State Street Research Aurora
Patience has paid off for this big, small-cap value fund
There are currently about 270 names in the State Street Aurora fund. That's down from the roughly 300 held when the fund first started in 1995, but that's nothing of concern for this $4.2 billion small-cap value fund to handle.
John Burbank is portfolio manager of the State Street Aurora fund, (877-773-8637). He's been the fund's portfolio manager since April of 2001, and co-manager of it since January 1998.
Through March 25, the fund was up over 6 percent--that's right in line with the performance of the average small-cap value fund, according to Lipper. But look at this fund's long-term performance and it's anything but average. For the last three-years the funds' average annualized return was 33.48 percent and over the past five years, 21.82 percent, according to Morningstar data.
When Burbank is out looking for companies to invest in, here's what he looks for: "We like to buy early and when they ( stocks) are priced at a discount to whatever strategic buyers will pay for an asset. We're also very intent on finding companies with free cash flow; not particularly focused on short-term quarterly earnings; and, want to see 100 percent upside in three years. So we're going to buy early, sit on a name, add to it slowly in anticipation of an ultimate payoff. And that's how we embed really good values in the fund---by being patient."
Here's more from Burbank about the State Street Aurora fund (SSRAX):
Q: When I look at Morningstar, they have this fund classified as a small value fund. But when I check Lipper, it's listed as a small-cap core fund. What kind of fund do you say it is?
Burbank: Our in-bound decisions, that is, according to our buying decisions, we are clearly small-cap value. There is no question about it.
Q: Tell me about the top sectors the fund invests its assets in.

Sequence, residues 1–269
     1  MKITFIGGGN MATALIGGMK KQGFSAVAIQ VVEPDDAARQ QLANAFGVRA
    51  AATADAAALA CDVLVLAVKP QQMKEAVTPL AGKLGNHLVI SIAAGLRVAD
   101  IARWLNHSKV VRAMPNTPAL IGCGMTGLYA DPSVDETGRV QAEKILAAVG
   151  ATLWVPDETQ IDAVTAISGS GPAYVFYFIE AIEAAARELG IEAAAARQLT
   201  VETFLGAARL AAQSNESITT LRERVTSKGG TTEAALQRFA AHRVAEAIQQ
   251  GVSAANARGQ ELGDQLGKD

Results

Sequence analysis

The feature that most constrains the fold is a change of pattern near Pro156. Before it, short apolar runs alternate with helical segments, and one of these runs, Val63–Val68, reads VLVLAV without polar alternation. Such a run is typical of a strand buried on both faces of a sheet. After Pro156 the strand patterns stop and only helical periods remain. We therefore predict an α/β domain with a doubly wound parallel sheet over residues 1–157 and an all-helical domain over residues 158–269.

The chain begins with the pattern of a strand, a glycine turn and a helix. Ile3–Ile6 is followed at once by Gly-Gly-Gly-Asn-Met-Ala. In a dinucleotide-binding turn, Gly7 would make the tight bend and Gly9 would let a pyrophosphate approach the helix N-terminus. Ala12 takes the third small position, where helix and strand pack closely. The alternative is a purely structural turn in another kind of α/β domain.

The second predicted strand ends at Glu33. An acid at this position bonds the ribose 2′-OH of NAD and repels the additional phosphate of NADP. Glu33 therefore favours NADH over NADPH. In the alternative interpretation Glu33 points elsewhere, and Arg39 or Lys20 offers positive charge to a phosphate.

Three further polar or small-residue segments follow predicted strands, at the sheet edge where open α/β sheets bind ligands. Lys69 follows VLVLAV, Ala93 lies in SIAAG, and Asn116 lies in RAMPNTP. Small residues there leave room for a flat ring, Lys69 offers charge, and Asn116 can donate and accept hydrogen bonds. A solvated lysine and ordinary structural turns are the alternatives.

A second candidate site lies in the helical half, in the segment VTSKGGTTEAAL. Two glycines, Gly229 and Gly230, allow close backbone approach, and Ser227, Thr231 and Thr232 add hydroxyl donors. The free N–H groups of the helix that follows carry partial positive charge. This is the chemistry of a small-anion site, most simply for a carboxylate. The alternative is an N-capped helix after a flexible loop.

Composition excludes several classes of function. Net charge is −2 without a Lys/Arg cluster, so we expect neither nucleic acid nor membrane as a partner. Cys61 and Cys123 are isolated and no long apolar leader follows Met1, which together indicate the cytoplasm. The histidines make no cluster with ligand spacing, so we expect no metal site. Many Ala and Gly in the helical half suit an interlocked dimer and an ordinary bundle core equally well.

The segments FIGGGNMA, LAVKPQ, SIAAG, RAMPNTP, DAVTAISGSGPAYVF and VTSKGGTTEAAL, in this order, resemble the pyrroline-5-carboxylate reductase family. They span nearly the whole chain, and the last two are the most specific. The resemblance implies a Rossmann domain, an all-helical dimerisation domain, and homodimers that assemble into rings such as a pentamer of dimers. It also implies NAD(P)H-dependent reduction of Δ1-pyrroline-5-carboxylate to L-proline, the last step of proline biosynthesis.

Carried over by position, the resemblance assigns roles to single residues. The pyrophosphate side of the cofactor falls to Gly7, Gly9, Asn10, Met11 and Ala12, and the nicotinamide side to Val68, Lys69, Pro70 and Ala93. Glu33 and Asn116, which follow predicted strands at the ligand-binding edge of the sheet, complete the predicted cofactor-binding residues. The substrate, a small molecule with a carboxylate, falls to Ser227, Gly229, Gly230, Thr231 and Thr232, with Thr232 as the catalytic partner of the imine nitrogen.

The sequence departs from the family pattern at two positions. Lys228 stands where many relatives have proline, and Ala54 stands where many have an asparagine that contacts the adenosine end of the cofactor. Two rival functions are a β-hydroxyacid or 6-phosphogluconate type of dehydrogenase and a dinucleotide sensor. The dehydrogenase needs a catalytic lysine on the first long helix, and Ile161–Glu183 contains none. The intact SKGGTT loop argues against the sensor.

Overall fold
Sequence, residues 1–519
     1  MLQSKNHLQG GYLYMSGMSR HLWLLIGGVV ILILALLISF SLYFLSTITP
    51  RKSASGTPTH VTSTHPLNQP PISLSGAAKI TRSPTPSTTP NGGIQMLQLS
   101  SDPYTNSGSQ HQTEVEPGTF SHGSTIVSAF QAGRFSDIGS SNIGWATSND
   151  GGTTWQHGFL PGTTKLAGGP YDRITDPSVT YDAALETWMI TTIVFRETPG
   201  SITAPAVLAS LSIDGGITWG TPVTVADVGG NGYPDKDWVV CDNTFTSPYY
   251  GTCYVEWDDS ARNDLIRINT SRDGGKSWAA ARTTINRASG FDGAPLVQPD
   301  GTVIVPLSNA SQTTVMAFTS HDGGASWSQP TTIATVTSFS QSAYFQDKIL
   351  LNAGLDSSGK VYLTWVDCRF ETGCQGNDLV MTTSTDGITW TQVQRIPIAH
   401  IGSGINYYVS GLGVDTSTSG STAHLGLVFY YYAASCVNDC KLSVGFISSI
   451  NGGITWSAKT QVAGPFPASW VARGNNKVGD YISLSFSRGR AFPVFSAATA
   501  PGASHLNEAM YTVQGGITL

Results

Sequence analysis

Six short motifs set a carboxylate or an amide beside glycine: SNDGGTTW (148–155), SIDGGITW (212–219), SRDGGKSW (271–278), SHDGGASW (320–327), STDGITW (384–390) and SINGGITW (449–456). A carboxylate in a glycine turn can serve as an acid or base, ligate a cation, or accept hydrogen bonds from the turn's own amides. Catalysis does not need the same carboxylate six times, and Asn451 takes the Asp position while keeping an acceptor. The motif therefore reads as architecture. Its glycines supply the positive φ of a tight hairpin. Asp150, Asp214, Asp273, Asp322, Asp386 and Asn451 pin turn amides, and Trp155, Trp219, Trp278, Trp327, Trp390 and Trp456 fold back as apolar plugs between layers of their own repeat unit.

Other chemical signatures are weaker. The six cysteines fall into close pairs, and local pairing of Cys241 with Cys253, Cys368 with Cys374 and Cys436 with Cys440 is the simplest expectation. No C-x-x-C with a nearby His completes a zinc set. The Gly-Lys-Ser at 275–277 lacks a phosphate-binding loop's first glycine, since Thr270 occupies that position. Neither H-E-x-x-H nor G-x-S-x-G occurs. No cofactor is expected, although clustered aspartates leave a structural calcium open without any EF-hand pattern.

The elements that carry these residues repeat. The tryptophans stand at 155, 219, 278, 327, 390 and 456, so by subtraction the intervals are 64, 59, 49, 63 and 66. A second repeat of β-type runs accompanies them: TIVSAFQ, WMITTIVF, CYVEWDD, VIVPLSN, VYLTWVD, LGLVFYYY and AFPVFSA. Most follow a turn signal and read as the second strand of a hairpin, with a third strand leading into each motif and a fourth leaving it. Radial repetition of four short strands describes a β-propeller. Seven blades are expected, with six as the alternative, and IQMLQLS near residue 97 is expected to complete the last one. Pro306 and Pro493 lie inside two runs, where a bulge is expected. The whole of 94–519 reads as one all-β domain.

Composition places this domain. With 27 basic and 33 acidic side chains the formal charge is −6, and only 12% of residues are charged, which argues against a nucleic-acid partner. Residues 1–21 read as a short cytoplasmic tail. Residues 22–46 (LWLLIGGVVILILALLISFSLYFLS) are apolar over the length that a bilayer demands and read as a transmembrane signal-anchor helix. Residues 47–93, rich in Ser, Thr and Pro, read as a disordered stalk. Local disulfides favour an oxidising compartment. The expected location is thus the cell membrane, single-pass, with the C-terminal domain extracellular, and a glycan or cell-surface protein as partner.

Burbank: We're a very bottom-up focused fund so the sector weightings that we end up with tend to be a by-product of our decisions and not the driver of our decisions. Having said that, the top five sectors right now include a big overweighting in property-casualty insurance; energy; transports--that includes both regional airlines and automotive parts; consumer discretionary--- by that I mean gaming and entertainment; and semi-conductor/capital equipment.
Q: I was just in Biloxi, Mississippi last week and could not believe how popular the gaming industry is there. Why do you think that industry has become so hot?
Burbank: It's entertainment and it's part of travel. Of course in the third quarter of last year it got hammered hard because of 9/11, but it's a travel/entertainment thing. Part of your R & R, people's rest and recreation. And there's always the hope that they are going to walk away a millionaire.
Q: What's a name you like in the gaming industry and ones you like in some of the fund's other top sectors?
Burbank: In gaming we're big holders of IGT, International Game Technology. They're in the business of designing and manufacturing slot machines and two things are happening in that business: The software that they put in these new slot machines makes it like betting on movies--- so you get better machines and that draws traffic. And the other thing is, state laws are changing allowing for slot machines to be utilized in geographic locations where they couldn't be utilized before. Like on Indian reservations in California.
As for transports, we like the regional airlines. All airline stocks got hit hard in the wake of 9/11 so right after that tragedy we kind of paused and re-evaluated the situation. Then, after a few weeks and once we sure we still had our feet on the ground, started adding to the same names we had before that event. One of the names we like there is Mesa Air Group. They are headquartered in Phoenix, and they have code-sharing alliances with American West and US Air. Instead of being a hub-and-spoke airline, these code-sharing regional alliances just fly the little spokes to get people into the hubs where they transfer to through aircraft.
And in the energy sector, Methanex. It's one of the largest producers of methanol in the world,. They generate a lot of free cash, and we love free cash flow, and, since the mid- '90s has bought back about 35-40 percent of their shares outstanding. We've put positions together in that stock in the past, have a full position now and it's just beginning to pay off.
Q: Anything that might be misunderstood about this fund from a new investor's point of view?
Burbank: Again, it is a small-cap value fund and does have a cyclical tilt to it that gets accentuated during periods of economic slow down.
Dian Vujovich is a nationally syndicated mutual fund columnist, author of a number of books including Straight Talk About Mutual Funds (McGraw-Hill), and publisher of this web site.
To read more articles, please visit the column archive.